One of the perks of being a logic-gate neophyte is that I get to ask the naïve questions. So, why is the textbook example of the half-subtractor (upper schematic) so easily surpassed by rerouting one of its outputs to express the other?

I noticed in the output table that the D column was a meager AND Y away from the B. How did the one with the third gate get the popular vote? Answer however you like, but remember that you're dealing with a mathematical purist who may just disagree with real-world behaviors. Razz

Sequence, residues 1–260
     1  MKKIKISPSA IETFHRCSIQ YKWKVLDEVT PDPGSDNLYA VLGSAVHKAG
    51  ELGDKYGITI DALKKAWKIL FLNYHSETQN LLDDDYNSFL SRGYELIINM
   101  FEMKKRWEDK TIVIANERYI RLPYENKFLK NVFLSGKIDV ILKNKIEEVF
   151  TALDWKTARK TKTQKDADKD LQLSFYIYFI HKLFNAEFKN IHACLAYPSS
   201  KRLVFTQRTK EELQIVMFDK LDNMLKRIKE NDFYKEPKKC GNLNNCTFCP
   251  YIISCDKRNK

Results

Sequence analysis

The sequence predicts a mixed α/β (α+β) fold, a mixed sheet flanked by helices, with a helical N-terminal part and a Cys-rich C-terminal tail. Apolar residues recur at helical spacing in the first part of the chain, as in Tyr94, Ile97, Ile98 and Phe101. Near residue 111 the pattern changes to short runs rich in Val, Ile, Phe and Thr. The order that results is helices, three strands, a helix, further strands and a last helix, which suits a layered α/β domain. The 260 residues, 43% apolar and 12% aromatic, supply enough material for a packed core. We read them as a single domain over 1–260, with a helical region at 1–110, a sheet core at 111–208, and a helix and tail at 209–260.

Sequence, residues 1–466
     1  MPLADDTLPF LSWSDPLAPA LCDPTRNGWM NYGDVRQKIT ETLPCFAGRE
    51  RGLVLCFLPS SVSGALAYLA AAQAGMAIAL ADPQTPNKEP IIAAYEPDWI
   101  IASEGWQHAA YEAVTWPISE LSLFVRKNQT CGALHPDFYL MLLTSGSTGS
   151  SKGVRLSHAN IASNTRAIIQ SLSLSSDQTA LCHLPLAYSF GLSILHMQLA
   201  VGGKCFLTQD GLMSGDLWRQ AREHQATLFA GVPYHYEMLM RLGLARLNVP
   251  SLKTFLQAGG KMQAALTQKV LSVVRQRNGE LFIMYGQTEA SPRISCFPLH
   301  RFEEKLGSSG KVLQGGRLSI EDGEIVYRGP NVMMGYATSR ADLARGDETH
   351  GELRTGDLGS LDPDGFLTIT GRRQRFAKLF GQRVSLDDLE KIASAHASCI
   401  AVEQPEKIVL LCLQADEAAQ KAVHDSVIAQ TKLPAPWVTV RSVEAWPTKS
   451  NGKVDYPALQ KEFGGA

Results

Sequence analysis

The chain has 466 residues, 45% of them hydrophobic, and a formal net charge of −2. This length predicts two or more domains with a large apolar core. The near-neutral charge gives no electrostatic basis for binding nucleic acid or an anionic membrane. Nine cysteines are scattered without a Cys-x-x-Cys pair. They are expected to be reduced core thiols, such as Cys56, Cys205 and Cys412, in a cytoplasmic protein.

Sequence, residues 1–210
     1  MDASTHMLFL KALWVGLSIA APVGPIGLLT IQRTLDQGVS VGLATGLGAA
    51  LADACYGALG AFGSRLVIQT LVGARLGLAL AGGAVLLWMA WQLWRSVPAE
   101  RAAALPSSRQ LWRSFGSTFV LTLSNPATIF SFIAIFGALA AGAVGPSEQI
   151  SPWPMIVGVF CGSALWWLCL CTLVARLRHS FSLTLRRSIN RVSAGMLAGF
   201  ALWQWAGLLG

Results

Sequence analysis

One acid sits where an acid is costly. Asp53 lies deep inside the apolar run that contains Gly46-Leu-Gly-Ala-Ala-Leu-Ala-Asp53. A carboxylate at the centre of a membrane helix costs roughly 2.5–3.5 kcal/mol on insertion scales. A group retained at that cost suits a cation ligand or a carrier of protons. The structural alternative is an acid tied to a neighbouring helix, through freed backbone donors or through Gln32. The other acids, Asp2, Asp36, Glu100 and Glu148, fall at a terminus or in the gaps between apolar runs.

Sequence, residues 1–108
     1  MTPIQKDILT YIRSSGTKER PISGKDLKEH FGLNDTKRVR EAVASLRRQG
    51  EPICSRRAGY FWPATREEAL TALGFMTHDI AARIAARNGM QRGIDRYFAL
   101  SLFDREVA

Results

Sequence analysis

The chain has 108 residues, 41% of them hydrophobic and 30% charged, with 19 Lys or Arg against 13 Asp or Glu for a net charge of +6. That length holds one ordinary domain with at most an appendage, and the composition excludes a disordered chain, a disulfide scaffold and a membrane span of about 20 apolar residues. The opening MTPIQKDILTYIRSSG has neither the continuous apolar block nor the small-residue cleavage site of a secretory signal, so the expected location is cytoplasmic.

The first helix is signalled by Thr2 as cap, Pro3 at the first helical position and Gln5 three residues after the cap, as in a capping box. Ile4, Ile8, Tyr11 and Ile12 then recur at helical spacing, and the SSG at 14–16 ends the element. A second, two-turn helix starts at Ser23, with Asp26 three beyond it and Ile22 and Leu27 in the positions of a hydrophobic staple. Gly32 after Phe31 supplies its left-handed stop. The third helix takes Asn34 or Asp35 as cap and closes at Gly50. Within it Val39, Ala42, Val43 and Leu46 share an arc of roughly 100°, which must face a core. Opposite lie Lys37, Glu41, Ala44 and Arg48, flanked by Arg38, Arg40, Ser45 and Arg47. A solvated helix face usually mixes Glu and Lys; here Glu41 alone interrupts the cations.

The are functionally equivalent.. and I see no reason to favour the 3-gate version unless xbar is available as well (in that case it would be 1 delay faster)
But then of course it wouldn't really be a 3-gate thingy anymore..
In the top version, D=X xor Y, and B=Y and !X. In the bottom version, D=X xor Y still, and now B=Y and (X xor Y). Karnaugh maps tell us that those are functionally identical; I'm not sure why the first one would be preferable.
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